Health Care Reform

Download PDF

Reform in health care should follow a few key principles:

Give individuals and employers more choices in health care. Give them more freedom in choosing health care options.

  • Give individuals the same tax benefits for purchasing health insurance as businesses. Employer health care plans are tax free, but individuals purchasing plans on their own must do so from their post-tax income.
  • Allow consumers to buy insurance across state lines.  The cost of insurance varies greatly between states, based on state laws and regulation.  Allowing individuals and small business to buy insurance approved by any state (a right multi-state corporations already have) gives families the ability to shop for the lowest cost and best insurance plan for their needs and would reduce the number of uninsured residents.
  • Allow individuals and small businesses to pool resources when purchasing health insurance plans in order to have the options and cost savings available to large companies.
  • Allow individuals to choose less expensive mandate-free or mandate-lite basic insurance.

Give consumers control over their health care dollars

  • Encourage Health Savings Accounts (HSAs) through tax policy.
  • Allow government insurance plans (Medicaid and plans for state and local government employees) to have a Health Savings Account option.
  • Enable list billing, allowing employers to receive a bill for employees’ health care plans and contribute to their employees’ insurance plan or  HSA, without requiring a company provided plan.

Do no harm by making more people dependent on government programs, crowding out private options with government insurance, or relying on government mandates or regulations.

  • Do not expand or create new government insurance programs.  Taxpayers already pay as much for the health care of others through Medicaid and Medicare and other government programs as for their own coverage.  These programs have cost overruns and fail to reduce the number of uninsured.
  • Do not replace private insurance with government programs. Studies show that almost 60% of new enrollees in government programs drop private insurance, a trend known as “crowd out.”
  • Reduce regulations and mandated coverage that drive up the cost of insurance.  Pennsylvania mandates that insurance plans cover 40 different procedures, providers, or types of person.  Each of these increases the cost of insurance plans to individuals and employers.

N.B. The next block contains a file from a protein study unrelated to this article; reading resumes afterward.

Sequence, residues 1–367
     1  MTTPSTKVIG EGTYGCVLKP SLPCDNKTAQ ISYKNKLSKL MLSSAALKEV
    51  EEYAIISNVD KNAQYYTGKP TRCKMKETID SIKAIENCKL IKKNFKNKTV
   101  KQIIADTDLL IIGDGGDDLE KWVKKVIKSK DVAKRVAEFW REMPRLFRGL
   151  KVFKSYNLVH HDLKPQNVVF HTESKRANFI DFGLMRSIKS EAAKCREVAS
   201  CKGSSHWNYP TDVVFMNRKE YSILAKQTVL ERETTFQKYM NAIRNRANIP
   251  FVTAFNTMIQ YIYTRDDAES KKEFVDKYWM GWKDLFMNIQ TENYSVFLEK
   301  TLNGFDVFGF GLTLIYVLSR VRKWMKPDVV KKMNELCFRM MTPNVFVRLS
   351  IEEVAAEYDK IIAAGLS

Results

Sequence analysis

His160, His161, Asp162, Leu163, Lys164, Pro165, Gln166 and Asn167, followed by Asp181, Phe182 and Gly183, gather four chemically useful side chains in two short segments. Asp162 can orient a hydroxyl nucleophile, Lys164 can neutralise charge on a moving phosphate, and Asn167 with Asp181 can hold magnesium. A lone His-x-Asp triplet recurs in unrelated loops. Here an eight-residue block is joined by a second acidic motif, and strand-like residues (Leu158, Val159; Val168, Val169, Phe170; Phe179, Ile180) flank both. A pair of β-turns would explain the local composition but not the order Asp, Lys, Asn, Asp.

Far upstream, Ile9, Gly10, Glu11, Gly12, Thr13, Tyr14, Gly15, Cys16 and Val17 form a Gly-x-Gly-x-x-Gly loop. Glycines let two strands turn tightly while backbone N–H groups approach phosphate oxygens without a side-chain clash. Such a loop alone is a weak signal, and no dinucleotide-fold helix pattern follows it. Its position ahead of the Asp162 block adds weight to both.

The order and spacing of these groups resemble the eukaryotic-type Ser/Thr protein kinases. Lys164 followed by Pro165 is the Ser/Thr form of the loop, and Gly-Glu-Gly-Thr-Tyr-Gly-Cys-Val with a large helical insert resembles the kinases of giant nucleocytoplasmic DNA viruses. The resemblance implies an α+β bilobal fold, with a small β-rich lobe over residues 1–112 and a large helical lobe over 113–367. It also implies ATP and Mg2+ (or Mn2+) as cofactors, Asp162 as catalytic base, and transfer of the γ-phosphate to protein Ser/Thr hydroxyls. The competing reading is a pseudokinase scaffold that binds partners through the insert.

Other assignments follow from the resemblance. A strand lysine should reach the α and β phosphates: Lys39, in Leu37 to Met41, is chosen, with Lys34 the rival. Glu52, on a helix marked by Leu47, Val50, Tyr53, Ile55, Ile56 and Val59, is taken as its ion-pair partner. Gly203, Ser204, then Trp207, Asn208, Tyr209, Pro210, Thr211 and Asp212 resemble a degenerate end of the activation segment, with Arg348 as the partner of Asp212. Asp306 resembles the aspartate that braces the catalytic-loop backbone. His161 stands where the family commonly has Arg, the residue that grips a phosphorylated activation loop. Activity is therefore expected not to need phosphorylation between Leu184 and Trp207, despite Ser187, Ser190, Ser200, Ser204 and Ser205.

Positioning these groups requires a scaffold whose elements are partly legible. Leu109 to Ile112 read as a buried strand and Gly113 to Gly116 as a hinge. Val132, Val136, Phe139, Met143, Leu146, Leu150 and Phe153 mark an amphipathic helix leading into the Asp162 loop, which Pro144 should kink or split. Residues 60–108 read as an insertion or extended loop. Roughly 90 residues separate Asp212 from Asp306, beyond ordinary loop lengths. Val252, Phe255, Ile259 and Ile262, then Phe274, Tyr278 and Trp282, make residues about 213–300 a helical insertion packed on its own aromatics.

• Do not pass individual coverage mandates or employer “pay or play mandates.”  These mandates increase the cost of insurance.
  • Do not enact community rating laws—these drive up the number of uninsured, and discourage younger, healthier customers from buying health insurance.
  • Avoid guaranteed issue laws—these encourage healthy individuals to avoid buying health insurance until they get sick, passing on costs to others.

Enact Medicaid reform.

  • Medicaid spending is growing at an unsustainable rate, yet Medicaid remains a low-quality provider of health care.
  • Give Medicaid recipients a risk-adjusted credit that recipients can use to purchase health coverage.
  • Create an Insurance & Provider Exchange (IPE) where recipients can shop for coverage to replace fee-for-service structure of Medicaid payment.
  • Allow Medicaid credits to be used for premium assistance, to be combined with individual or employer payments.

Reduce the cost of care and coverage through tort reform.

  • Medical malpractice lawsuits and insurance drive up the cost of health care.  Programs like the MCare fund and abatement program fail to address the root cause of the problem and merely provides a slush fund for trial lawyers.
  • Joint and several liability reform—which would hold businesses, doctors, and medical providers responsible only for their share of damages—should be enacted.
  • Lawsuit awards for non-economic damages should be limited.

Increase competition and choice among health care providers and insurance companies.

  • Encourage competition among health care providers by requiring providers to show their “sticker price” to consumers before they receive care.
  • Put government-collected information on quality and price and reimbursement rates for government programs online.
  • Create a market-driven high risk pool for individuals with serious medical liabilities.